The elderly bearded gentleman dances in the aisle like a small boy who has to pee, and he waves his hand contentiously, disrupting an already heated meeting of the Dysart Unified School District governing board.
The president summons him to a microphone.
"I had to stand up and shout like Sam Donaldson at the White House. What is going on?"
What's going on is that the Dysart district has been in the national news for months, ever since its hostile takeover by tax rebels from the nearby retirement community of Sun City West. Three retirees elected to the board last fall ran on a platform of getting themselves out of the district and out of having to pay secondary property taxes to build new schools. Then they started asking questions, rooting through the budget for ill-spent and unspent money like someone lifting the sofa cushions looking for loose change. And in the process they tore a community apart.
The elderly dissenter at the microphone harangues the new school board, taking side with the beleaguered school administration, though curiously, he lives in one of the nearby retirement villages that already don't pay school taxes. In other words, he's already got what the new board members want, and he himself doesn't pay anything to keep the schools going.
But he's got his two cents to offer, and he scolds until his allotted time runs out, but he never actually makes a point, which does not go unnoticed by the school board president, Robert Koch.
"He seems to have a lot to say, but very little meaningful," Koch retorts, raising shocked and disapproving cries of "ohhhh" from the 200 people or so in the audience in the Dysart high school cafeteria.
The new board members and the incumbents are so at odds with each other that they don't make eye contact and instead stare sullenly toward the audience. At least half of the spectators are retirees from Sun City West, come to give support to their champions on the board. They stand up at the microphone to excoriate the school administration and get hooted down by the school-kid parents. Then the parents and the teachers step forward to dress down the old-timers, who rail and rattle back.
"When you were elected to the school board, you were elected to represent everyone," Buster Estrada, head of the teachers' organization, tells them while wagging a finger.
"Regardless of where you live in this country--except for one small place up the road--we all pay our taxes," one former board member shouts into the microphone.
And indeed, in Sun City and Sun City West, Arizona, and nowhere else in the nation, senior-citizen communities have cut themselves out of school districts. So instead of paying the secondary property taxes that fund school improvements and construction, the seniors pay a significantly lower "Qualifying Tax Rate" of $2.20 per $100 of assessed valuation.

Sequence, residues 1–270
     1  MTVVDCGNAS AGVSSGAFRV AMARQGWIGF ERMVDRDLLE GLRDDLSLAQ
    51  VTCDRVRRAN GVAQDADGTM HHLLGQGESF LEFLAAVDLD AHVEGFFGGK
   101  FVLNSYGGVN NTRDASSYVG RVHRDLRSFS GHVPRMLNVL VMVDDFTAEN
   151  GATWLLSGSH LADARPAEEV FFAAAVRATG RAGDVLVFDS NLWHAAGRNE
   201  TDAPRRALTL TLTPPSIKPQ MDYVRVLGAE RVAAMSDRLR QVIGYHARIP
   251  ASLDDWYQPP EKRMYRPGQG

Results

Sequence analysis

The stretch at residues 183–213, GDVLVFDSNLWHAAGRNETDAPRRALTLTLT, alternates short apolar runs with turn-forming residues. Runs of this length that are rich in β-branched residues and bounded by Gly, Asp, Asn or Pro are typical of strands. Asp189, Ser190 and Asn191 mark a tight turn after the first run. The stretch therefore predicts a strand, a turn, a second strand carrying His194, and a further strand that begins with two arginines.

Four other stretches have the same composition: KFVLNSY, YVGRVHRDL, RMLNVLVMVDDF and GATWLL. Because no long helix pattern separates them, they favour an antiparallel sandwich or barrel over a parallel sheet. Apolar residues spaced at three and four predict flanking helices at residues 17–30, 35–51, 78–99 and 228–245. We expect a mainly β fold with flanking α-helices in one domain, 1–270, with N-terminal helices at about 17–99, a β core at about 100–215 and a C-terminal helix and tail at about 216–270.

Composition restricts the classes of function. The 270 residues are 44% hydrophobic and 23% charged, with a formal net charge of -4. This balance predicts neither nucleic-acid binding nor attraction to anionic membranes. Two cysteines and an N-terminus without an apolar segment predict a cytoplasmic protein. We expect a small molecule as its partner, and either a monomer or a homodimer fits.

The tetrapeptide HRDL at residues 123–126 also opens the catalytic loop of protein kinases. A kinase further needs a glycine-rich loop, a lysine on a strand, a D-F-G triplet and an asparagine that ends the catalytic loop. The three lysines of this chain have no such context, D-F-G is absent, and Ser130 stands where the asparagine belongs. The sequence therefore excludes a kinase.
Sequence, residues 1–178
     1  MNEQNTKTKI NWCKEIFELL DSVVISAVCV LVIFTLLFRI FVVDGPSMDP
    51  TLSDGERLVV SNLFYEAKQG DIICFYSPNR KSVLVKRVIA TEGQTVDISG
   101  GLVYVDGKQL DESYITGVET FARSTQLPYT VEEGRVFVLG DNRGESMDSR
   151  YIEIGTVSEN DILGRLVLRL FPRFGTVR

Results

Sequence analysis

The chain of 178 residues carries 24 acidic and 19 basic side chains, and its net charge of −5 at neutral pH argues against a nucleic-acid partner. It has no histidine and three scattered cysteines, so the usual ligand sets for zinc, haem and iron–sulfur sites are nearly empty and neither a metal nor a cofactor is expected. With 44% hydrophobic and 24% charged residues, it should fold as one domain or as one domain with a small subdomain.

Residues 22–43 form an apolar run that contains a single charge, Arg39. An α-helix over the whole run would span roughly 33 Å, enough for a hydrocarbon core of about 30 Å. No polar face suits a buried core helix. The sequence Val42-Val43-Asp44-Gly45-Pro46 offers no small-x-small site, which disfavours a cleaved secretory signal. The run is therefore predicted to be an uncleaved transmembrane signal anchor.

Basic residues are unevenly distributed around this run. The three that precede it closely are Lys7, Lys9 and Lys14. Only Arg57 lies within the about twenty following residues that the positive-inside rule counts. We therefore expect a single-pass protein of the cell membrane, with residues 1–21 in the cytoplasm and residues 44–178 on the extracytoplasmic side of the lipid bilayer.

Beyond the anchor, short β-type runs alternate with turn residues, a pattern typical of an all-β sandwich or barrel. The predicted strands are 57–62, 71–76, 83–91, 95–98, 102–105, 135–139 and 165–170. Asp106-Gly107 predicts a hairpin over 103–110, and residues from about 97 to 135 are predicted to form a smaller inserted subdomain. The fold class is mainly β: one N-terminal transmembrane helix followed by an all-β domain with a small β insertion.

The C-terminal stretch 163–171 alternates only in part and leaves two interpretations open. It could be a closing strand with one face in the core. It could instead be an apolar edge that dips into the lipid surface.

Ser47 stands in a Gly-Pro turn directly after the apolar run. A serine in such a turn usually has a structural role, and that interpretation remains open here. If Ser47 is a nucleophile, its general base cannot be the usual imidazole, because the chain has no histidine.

Herein lies the Dysart fight. The newer parts of Sun City West, referred to as the Sun City West expansion, lie within the Dysart boundaries, and those seniors who live there question why they should pay more than the neighboring seniors when they don't have children in the schools, either.
The district administration, including the soft-spoken and well-loved superintendent, Dr. Jesus de la Garza, and the not-so-soft-spoken Estrada, had loudly and publicly blamed the seniors for the district's financial distress. The seniors, after all, had voted down a series of bond and budget-override initiatives that would have raised monies but also would have raised property taxes. Coast to coast, Dysart became another silly Arizona story, coots versus kids.
Joan Shaefer, the feisty grandmotherly mayor of the city of Surprise, which overlaps the Dysart district, told the Washington Post that the retirees were "selfish, self-centered gray-haired old farts."
Infuriated by the derision, the vindictive residents of Sun City West staged a democratic coup last fall and took over the board. On March 10, they will likely score another board seat in a recall election, and they will vote on whether the Sun City West expansion area will be allowed to "de-annex," that is, secede from the district altogether.
After the last bond issue failed last year, the administration dramatically sliced nearly $800,000 from the budget by drastically cutting school programs. The senior community argued that the district just didn't know how to manage its money; the more paranoid factions screamed that the administrators had plenty of money that they were hiding or unaware of.
Then, to everyone's surprise, it came to pass that they did. Audits turned up what may amount to as much as $1 million in unallocated funds that could have been spent on teacher raises and lost programs. So far, no one can explain how that happened.